sec-accuses-crowd-machine-creator-of-scam

SEC accuses Crowd Machine creator of scam

Last week, the SEC filed a complaint against Craig Sproule, the CEO of the start- up of Crowd Machine cryptocurrency. Sproule is accused of defrauding millions of investors. He is said to have raised funds worth 33,7 million dollars through its companies. The goal of the project was to develop a new technology that enabled software to run on a decentralized network.

Funds from 5.8 million dollars were diverted to finance gold mining in southern Africa. The tokens acquired by investors then became worthless. The SEC’s complaint also relates to the fact that Crowd Machine and Sproule did not register the tokens with the commission responsible for them.

Craig Sproule, Crowd Machine and fundraising Initial Coin Offerings (ICOs) or the first issues of tokens are comparable to IPOs. The difference remains in the fact that in stock market, investors acquire equity shares and in ICO, they obtain digital tokens. The ICO can also be interpreted as fundraising. Following a fundraiser, the tokens acquired are exchangeable for cryptocurrency.

Craig Sproule therefore obtained more than 33 million dollars thanks to an ICO which aimed to finance the creation of a decentralized platform, the Crowd Machine. The Aussie said the resulting tokens could be resold between 10 at 600 dollars each. But this statement was false. Their system is actually installed on centralized servers.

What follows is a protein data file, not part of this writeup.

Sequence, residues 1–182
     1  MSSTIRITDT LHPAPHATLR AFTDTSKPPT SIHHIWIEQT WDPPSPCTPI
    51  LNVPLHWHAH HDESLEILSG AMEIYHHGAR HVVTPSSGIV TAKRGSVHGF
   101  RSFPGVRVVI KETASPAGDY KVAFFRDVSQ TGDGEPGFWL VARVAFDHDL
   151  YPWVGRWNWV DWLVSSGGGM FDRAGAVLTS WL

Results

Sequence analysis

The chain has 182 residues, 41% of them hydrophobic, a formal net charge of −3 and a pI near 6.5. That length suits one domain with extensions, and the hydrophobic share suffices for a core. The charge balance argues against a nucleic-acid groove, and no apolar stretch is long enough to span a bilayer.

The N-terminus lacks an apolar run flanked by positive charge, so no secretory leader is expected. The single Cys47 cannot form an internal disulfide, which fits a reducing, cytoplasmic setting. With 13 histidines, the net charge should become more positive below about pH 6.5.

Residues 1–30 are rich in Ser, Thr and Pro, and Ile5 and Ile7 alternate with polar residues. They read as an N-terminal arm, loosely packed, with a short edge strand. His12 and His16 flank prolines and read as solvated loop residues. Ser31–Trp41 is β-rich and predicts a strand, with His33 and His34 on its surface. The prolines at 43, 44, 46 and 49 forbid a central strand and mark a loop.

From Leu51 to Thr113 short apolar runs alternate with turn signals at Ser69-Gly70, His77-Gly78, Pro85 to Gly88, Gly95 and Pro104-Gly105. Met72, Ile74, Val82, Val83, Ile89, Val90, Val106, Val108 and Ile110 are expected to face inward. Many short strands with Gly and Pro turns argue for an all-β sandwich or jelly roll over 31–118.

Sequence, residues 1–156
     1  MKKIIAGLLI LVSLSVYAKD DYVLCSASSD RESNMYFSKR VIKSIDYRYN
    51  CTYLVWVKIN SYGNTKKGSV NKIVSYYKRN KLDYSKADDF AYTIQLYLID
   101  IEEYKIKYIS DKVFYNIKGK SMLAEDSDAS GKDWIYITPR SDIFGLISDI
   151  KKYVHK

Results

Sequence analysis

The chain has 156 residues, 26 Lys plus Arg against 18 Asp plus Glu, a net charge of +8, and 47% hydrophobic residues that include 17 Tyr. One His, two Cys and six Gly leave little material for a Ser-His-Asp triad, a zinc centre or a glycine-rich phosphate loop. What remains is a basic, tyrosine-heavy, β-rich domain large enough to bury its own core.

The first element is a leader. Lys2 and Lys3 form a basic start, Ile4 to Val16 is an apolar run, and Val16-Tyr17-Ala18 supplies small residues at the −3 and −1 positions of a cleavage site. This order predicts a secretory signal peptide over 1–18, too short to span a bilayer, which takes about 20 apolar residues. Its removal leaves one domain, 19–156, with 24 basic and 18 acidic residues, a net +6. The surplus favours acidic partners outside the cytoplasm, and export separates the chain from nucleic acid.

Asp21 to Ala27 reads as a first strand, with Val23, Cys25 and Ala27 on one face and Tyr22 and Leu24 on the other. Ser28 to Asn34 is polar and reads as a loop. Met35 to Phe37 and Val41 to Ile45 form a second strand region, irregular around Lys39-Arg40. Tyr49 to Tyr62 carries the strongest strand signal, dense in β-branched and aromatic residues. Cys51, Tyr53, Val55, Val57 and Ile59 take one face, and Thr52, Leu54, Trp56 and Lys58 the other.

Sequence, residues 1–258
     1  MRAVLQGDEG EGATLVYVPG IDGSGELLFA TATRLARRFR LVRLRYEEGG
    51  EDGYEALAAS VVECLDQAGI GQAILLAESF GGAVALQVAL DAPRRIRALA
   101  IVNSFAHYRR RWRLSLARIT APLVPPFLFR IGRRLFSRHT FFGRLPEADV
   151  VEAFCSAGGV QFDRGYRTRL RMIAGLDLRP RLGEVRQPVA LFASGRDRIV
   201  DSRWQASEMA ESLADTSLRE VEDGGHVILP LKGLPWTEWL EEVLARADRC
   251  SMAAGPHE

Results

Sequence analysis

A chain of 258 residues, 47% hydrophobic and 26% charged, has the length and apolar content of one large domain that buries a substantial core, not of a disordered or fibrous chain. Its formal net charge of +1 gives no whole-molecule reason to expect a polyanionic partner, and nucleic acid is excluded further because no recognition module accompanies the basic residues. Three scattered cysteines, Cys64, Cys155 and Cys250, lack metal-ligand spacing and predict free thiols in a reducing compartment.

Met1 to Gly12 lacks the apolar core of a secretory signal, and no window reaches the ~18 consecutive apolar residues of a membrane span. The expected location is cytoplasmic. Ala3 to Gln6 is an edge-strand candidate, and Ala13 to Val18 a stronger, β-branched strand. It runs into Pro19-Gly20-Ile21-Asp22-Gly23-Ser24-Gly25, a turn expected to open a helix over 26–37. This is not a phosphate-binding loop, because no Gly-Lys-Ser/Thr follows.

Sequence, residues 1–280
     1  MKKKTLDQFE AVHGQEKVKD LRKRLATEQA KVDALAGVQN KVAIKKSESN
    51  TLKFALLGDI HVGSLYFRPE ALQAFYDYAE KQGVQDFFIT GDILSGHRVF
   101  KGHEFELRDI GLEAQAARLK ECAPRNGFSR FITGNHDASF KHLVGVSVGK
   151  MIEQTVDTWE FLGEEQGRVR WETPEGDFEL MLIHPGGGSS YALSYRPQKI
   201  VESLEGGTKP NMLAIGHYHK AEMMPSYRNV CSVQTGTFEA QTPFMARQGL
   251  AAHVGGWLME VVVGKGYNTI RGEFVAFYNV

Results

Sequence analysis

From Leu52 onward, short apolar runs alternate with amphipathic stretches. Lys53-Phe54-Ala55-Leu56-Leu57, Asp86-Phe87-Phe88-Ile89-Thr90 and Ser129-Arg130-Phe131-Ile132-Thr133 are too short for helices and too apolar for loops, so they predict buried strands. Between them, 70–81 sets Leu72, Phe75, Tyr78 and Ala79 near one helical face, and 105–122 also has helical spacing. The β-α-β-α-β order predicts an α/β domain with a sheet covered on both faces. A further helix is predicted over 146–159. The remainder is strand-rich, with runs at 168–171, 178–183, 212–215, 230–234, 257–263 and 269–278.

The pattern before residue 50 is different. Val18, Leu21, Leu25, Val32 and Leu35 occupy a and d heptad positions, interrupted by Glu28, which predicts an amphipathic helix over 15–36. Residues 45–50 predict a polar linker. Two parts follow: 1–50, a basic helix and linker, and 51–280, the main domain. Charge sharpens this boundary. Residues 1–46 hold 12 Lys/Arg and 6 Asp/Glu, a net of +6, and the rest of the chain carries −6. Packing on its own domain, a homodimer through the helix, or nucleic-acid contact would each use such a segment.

The scam initiated by Craig Sproule

The fundraiser has not been registered with the SEC and the investors have not been formalized as the law would have required. In addition, Crowd Machine paid 5.8 million to gold mines in South Africa. The company ran into problems in the months following the lift. Officials said they were victims of a hack. Following this incident, the prices of the tokens fell, and were sold for a value ranging from 0.03 to 0.33 dollars.

Two individuals were subsequently apprehended. After the complaint, Sproule accepted the clauses which were established by the SEC. The clause did not stipulate that the person in charge had to admit his wrongdoing. However, it will no longer have the ability to grant cryptocurrency securities or assets. Sproule must also pay a fine of 33 03 dollars.

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